Why unvaccinated residents of NSW could still be barred from pubs and restaurants after December?

Unvaccinated people in NSW are likely to be banned from most hospitality and entertainment venues as well as air travel after Covid-19 restrictions are eased in December, the health minister says.

That’s because, rather than the government’s public health regulations, business owners will likely avoid entering the non-prohibited locations.

NSW reported 863 new local cases of Covid-19 — among Victoria’s 867 daily infections — and seven deaths on Tuesday.

Unvaccinated people in NSW could likely be banned from most hospitality and entertainment venues as well as air travel after Covid-19 restrictions are eased in December (pictured, a shopper using a QR code)

Unvaccinated people in NSW could likely be banned from most hospitality and entertainment venues as well as air travel after Covid-19 restrictions are eased in December (pictured, a shopper using a QR code)

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Of the seven people who died, one person was in his forties, one in his fifties, two in his seventies, two in his eighties, and one in his nineties.

It brings the toll for the current outbreak at 316.

Meanwhile, people from a Manly hotel on Sydney’s northern beaches have been asked to test and isolate after being exposed in the building.

“The source of the Covid-19 infection is currently under investigation,” a spokesman for the Northern Sydney Local Health District said.

NSW is set to come out of lockdown in a fortnight after nearly four months of stay-at-home orders for large parts of the state.

NSW is set to come out of lockdown in a fortnight after nearly four months of stay-at-home orders for large swathes of the state (photo, revelers who enjoyed Randwick races last year)

NSW is set to come out of lockdown in a fortnight after nearly four months of stay-at-home orders for large swathes of the state (photo, revelers who enjoyed Randwick races last year)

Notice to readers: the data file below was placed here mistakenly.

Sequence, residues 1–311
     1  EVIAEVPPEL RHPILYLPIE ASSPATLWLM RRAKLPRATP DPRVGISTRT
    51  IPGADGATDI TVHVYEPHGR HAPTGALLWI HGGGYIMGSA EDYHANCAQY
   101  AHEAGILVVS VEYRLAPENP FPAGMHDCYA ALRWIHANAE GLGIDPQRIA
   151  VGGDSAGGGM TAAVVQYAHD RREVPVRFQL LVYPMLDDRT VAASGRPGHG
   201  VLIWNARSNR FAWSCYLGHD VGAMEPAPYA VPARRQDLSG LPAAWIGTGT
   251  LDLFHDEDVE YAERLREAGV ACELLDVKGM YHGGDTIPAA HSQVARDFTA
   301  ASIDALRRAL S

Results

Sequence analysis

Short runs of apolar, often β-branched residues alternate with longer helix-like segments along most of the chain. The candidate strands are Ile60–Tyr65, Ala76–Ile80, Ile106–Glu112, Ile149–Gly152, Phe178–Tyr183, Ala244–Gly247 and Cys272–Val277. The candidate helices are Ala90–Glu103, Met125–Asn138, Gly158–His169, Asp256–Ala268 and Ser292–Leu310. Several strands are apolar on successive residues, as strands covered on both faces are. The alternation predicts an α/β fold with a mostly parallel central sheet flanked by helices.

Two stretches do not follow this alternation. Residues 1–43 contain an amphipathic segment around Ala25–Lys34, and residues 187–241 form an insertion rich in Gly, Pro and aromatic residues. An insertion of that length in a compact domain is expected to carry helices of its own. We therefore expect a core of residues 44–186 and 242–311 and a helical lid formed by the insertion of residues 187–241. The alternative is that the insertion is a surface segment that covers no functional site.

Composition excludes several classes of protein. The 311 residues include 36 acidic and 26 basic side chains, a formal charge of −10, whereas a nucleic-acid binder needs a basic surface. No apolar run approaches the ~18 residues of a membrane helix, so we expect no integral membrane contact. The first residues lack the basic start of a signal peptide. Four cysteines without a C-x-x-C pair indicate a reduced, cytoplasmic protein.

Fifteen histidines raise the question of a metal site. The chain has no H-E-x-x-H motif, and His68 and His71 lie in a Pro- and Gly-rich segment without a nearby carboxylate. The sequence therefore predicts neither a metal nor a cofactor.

NSW is set to come out of lockdown in a fortnight after nearly four months of stay-at-home orders for large swathes of the state (photo, revelers who enjoyed Randwick races last year)

A broader ‘Covid-normal’ era will begin on December 1, when nearly all restrictions will be lifted and unvaccinated individuals will no longer be prevented by public health regulations from participating in community life.

At present, only the “two square meter” rule applies in most environments and masks are mandatory for public transport and airports.

However, Health Minister Brad Hazzard warned that business owners would likely continue to ban unvaccinated people from their buildings.

Health Minister Brad Hazzard warned that business owners would likely continue to ban unvaccinated people from their buildings even after Dec. 1 (pictured, a cafe worker in Sydney)

Health Minister Brad Hazzard warned business owners would likely continue to ban unvaccinated people from their premises even after Dec. 1 (pictured, a cafe worker in Sydney)

Health Minister Brad Hazzard warned that business owners would likely continue to ban unvaccinated people from their buildings even after Dec. 1 (pictured, a cafe worker in Sydney)

This will almost certainly happen on planes as Qantas tells it to vaccinate all passengers on international flights when it resumes global operations in December.

Even if public health regulations no longer block unvaccinated people from social activities, those people could still be locked out of everyday life.

“There are many companies that will make it very clear that if you are not vaccinated by December 1 you are not welcome and I think the airlines have made that very clear,” Hazzard said.

‘There had to be a balancing act. But at the end of the day, if you haven’t been vaccinated by December 1, you’ll find that you still have much more limited options in the places you want to go.

“Go and get vaccinated and stop doubting.”

Social distancing reintroductions to catering establishments and hairdressers will begin October 11, with full 70 percent vaccination coverage.

About two weeks later, the state is expected to reach 80 percent coverage, leading to additional freedoms and the resumption of regional travel.

These freedoms are only restored for fully vaccinated people.

Social distancing reintroductions to catering establishments and hairdressers will begin from October 11, with full 70 percent vaccination coverage

Social distancing reintroductions to catering establishments and hairdressers will begin from October 11, with full 70 percent vaccination coverage

Social distancing reintroductions to catering establishments and hairdressers will begin from October 11, with full 70 percent vaccination coverage